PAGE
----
Many non LTTE groups became close to the IPKF and on occasion became their informers and proxies. At this stage the LTTE launched murderous attacks on the other Tamil parties partly because they had not given up their claim to be the ‘sole representative’ of the Tamil people and partly because the truce with the Sinhala forces enabled them to turn their attention to the rivals closer home who were being disarmed by the IPKF. The upshot was that ‘the short stay’ of the IPKF promised by Rajiv became a farce and they got bogged down in a disastrous war which finally led to the assassination of Rajiv himself. The LTTE was refusing to play by the Indian playbook and the country was slipping further and further into a cycle of violence over which nobody had control. This was a nightmare period for JRJ, who assailed in the North and South, had to confront dissatisfaction within his party ranks, led by the PM no less. Soon it became life threatening to the party leaders when an assassination attempt was launched by a JVP cadre who was a senior member in the party, inside Parliament itself The mistrust in the party had grown to such an extent that the PM was initially suspected of being one of the conspirators.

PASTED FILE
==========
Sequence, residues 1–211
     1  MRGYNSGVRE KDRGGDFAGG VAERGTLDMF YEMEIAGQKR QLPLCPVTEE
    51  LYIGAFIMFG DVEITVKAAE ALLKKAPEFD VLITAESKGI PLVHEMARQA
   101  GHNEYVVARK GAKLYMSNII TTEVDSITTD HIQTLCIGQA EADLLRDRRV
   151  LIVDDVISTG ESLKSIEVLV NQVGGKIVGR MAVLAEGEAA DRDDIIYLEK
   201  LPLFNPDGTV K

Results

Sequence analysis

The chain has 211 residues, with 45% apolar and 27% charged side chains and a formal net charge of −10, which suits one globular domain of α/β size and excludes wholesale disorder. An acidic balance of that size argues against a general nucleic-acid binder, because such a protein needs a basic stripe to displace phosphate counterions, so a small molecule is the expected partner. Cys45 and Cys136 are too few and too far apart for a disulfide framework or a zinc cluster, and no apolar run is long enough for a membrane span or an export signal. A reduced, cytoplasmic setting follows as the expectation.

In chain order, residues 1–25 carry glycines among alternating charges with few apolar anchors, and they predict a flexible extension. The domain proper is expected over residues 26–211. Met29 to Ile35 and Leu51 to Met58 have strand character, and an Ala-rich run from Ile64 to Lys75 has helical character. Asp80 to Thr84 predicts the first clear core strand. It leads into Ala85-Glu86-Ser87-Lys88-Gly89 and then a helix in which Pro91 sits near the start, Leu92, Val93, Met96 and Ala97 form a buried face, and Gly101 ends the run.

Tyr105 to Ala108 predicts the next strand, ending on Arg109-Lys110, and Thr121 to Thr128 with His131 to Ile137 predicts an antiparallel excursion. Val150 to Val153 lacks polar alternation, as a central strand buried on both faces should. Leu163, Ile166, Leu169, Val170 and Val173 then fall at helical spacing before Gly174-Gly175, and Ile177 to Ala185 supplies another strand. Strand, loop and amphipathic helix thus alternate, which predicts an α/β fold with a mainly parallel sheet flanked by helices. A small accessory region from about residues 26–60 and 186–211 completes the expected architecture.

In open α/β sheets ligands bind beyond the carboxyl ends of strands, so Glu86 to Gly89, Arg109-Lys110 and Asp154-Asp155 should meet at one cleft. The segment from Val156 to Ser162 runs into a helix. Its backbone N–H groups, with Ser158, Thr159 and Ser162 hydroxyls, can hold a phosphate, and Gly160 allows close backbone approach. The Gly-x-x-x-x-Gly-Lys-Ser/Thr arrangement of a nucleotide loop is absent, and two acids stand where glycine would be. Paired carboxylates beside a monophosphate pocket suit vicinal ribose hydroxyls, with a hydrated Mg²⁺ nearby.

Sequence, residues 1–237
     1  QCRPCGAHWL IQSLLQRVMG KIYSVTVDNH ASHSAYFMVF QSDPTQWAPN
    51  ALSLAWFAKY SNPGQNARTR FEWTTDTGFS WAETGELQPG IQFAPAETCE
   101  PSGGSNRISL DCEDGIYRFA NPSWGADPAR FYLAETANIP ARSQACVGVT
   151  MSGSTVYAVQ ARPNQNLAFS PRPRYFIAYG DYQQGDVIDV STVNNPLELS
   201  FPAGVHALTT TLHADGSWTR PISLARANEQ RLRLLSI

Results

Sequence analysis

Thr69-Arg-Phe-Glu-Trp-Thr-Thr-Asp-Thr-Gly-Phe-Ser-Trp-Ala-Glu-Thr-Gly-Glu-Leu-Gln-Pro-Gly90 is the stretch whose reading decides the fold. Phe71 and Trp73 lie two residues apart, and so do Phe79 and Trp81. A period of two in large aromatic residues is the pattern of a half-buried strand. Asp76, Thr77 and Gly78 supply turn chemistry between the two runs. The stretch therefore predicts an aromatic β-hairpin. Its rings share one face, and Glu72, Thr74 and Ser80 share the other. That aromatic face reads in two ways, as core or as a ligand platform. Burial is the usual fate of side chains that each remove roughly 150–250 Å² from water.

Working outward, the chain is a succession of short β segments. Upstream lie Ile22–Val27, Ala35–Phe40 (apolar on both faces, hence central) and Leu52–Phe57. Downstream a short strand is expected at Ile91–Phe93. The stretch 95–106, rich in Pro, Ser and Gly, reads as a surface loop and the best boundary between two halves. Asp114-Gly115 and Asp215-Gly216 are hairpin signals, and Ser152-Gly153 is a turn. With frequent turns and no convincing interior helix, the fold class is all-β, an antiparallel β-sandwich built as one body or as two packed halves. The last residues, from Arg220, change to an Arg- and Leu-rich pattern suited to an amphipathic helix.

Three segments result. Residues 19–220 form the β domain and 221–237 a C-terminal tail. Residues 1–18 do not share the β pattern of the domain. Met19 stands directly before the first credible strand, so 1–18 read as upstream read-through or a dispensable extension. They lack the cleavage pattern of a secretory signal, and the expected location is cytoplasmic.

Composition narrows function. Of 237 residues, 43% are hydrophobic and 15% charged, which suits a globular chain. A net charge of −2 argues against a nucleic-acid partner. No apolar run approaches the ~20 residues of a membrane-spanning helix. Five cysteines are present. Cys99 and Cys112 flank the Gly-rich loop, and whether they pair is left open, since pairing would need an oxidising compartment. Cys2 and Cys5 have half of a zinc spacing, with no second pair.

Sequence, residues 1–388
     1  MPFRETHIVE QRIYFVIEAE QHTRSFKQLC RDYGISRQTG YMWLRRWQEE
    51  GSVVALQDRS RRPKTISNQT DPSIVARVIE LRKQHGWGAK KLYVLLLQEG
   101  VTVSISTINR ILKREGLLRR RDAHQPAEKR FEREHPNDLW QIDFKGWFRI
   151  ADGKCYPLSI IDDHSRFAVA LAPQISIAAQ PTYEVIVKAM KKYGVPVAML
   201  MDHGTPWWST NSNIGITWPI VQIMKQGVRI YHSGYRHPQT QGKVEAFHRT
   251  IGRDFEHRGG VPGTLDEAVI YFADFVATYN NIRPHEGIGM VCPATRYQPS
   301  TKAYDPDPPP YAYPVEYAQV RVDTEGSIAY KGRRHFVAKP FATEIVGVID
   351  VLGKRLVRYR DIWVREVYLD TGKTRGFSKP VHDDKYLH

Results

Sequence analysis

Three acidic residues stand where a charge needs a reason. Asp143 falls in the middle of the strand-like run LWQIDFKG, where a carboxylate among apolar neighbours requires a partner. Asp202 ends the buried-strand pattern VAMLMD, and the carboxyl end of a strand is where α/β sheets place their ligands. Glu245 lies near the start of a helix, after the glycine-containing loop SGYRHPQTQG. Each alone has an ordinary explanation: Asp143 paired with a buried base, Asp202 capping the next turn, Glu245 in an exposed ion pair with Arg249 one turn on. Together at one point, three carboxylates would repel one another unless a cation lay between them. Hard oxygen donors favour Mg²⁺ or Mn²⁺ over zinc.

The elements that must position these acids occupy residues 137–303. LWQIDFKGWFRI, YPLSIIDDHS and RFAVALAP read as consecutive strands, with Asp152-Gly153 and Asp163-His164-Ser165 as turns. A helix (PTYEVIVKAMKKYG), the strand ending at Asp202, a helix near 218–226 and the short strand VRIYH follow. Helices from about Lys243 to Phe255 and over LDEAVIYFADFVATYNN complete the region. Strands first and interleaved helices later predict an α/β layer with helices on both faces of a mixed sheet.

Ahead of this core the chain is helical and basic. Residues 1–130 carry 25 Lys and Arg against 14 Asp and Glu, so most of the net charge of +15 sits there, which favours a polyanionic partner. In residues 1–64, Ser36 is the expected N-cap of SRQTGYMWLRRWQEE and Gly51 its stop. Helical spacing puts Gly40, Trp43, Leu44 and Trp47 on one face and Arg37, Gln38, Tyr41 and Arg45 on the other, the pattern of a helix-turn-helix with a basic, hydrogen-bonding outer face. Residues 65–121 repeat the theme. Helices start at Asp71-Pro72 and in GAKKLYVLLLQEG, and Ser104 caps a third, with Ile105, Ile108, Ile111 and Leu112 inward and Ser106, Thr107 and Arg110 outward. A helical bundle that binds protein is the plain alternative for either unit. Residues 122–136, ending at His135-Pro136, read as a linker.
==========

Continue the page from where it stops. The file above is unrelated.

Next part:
While the UNP parliamentary group was meeting as customary in a committee room in parliament an employee opened a door to the room and lobbed a hand grenade into it. Without doubt the target was JRJ whom the JVP had built up as a hate figure. Luckily for the 81 year old President the grenade hit his desk and rolled away from him and exploded further away killing the MP for Morawaka, Abeywickreme. Lalith Athulathmudali was seriously injured and had to be rushed for emergency surgery. the Prime Minister was also injured but not seriously. According to the President he had been saved because the PM had pushed him under the table so that the shrapnel did not hit him. Within a short time after the attack I got a telephone call to say that the President wanted me to come immediately to the Army OPS Combine office in Flower road.